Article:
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What is convergent thinking? How does it differ with divergent thinking?

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enotes | (Level 1) Valedictorian

Posted March 3, 2014 at 11:17 PM via web

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What is convergent thinking? How does it differ with divergent thinking?

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mwestwood | College Teacher | (Level 3) Distinguished Educator

Posted March 9, 2014 at 8:47 PM (Answer #1)

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Both convergent and divergent thinking are of benefit to the human being. Especially in definitive areas, convergent thinking is very beneficial because it allows the mind to focus upon the single, most accurate answer given certain variables. In standardized tests, for example, convergent thinking is appropriate as it involves logical thinking that can deduce the best choice as an answer; it also involves the ability to apply speed, accuracy and the talent to recognize the familiar. This ability to zero in on the correct answer does not, however, exclude creative thinking. For, convergent thinking is a source of knowledge and ideas which are the foundation of creative thinking.

Convergent thinking is used as a tool in creative problem solving. When an individual is using critical thinking to solve a problem they consciously use standards or probabilities to make judgments.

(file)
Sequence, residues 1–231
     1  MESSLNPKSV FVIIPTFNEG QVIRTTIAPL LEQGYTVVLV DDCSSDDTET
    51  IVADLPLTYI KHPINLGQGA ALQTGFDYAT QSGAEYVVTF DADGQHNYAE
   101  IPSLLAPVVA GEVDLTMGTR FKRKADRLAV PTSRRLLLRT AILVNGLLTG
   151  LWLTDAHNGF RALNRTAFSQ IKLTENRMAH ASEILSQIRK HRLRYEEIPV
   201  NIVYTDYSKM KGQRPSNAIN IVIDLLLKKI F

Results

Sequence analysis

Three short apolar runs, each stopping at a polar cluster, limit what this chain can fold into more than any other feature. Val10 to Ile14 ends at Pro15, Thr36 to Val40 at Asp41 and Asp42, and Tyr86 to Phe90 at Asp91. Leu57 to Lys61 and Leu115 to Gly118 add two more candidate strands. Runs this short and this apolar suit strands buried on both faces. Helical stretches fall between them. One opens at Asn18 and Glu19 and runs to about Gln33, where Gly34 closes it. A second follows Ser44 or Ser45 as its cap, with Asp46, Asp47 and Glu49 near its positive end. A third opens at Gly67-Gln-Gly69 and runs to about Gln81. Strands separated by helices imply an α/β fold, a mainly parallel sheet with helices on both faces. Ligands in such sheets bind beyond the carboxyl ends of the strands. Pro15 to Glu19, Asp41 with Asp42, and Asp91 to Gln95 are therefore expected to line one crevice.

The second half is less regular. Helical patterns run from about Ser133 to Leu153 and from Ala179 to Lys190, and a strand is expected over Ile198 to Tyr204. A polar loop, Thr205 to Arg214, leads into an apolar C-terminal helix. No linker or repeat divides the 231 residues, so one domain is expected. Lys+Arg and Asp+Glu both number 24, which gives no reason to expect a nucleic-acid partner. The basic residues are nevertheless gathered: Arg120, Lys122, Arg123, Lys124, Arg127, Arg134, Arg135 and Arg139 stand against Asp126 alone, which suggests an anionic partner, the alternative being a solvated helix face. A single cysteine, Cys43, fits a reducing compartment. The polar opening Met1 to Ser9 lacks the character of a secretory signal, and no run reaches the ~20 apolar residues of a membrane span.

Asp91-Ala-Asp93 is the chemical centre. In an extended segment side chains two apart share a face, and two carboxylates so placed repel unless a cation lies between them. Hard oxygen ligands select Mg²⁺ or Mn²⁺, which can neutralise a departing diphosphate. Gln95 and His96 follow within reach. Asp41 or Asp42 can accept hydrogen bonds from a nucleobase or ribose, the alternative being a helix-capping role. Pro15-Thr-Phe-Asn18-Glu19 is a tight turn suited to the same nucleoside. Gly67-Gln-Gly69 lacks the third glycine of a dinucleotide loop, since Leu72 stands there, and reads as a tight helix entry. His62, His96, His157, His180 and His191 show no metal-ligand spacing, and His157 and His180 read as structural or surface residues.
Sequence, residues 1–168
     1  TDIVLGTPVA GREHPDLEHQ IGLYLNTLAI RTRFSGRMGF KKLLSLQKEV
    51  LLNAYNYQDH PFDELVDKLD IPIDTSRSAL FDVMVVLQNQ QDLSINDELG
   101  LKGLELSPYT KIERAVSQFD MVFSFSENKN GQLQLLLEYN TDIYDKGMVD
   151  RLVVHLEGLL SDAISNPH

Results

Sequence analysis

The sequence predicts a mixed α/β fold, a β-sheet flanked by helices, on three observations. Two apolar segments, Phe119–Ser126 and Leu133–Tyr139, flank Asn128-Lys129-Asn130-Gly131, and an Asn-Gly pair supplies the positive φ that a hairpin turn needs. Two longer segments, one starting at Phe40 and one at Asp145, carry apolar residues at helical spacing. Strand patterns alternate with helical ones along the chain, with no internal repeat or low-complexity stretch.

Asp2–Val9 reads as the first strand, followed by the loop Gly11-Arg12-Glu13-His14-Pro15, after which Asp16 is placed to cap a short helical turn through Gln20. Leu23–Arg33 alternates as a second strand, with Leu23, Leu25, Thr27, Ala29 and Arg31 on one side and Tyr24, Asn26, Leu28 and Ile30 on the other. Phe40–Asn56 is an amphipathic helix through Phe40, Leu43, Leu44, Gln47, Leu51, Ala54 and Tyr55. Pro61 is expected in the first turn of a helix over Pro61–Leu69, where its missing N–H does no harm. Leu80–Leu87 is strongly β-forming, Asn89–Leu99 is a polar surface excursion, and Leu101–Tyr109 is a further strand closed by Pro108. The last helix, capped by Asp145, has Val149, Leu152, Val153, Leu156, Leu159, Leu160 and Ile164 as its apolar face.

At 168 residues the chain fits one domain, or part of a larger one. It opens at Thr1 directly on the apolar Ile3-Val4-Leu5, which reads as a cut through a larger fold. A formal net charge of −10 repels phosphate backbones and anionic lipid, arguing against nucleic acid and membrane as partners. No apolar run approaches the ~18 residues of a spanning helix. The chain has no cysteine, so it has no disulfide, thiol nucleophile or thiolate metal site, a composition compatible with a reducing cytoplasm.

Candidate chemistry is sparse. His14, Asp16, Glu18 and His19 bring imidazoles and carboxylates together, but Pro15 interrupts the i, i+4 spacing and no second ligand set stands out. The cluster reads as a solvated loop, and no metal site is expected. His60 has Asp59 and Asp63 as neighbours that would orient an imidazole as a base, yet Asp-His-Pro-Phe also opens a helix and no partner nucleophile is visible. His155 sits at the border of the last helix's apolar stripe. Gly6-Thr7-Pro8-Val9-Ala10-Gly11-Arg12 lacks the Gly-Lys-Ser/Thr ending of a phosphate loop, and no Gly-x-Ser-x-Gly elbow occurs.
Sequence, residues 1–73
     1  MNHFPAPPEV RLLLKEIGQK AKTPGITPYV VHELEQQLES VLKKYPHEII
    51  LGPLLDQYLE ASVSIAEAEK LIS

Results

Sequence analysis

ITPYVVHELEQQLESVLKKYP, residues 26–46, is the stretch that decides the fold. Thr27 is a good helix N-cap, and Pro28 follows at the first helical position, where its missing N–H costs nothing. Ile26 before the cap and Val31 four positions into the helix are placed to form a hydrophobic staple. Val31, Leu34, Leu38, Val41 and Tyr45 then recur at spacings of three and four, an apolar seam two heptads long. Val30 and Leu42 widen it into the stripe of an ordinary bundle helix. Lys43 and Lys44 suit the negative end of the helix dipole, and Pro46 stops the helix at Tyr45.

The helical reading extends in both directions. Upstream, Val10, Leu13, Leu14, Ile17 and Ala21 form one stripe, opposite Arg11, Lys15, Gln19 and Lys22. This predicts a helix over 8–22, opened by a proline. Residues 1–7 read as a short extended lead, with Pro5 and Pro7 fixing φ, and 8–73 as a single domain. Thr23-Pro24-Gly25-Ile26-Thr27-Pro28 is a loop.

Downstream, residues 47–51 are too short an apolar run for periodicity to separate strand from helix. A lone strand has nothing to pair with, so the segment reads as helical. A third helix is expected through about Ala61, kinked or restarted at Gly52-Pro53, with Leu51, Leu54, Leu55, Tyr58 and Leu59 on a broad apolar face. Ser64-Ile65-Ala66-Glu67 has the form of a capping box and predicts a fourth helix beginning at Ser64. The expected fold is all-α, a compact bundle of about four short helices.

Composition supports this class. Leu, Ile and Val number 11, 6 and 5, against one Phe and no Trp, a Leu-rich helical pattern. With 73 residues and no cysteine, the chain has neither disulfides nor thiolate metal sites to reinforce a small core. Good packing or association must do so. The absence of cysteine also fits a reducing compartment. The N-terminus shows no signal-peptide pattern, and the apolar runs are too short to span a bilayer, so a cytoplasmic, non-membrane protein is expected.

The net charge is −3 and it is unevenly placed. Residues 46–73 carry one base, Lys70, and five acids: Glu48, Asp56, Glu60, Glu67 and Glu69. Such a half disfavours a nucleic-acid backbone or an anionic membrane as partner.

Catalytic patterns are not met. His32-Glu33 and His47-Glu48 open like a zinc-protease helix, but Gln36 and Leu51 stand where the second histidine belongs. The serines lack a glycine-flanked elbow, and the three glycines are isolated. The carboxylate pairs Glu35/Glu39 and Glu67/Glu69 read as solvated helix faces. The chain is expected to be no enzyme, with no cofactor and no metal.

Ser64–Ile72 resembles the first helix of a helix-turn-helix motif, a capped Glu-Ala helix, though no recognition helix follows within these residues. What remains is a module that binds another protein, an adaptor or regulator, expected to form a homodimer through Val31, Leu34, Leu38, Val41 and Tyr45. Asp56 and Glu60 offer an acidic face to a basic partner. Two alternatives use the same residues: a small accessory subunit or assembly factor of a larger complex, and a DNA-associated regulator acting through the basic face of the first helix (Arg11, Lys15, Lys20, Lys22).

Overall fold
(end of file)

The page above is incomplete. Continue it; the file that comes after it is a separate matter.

Convergent thinking, however, differs from divergent (which means "developing in different ways") thinking in which judgments are delayed as a person searches for various solutions to a problem. So, rather than zeroing in, a person engaged in divergent thinking goes "outside the box" in his/her thinking. This type of thinking is useful in solving problems in which a person feels there are few possibilities for solutions; it taps into a person's creative mind. Such a process as brainstorming is an example of divergent thinking. Many ideas are explored, but they are often discarded, too. Nevertheless, the exercise of freer thought than convergent thinking often allows people to hit upon a solution. Once, a workable idea is discovered from the act of divergent thought, then convergent thinking can solve the way to apply it in a successful manner. For instance, a great inventor often takes prior knowledge and uses convergent thinking to arrive at a practical, logical application for whatever he/she is making. However, when the invention does not quite exhibit the results expected, the inventor will, then, use divergent thinking in order to arrive at a solution to the problem; resuming the convergent thinking will, then, make the ideas practical.

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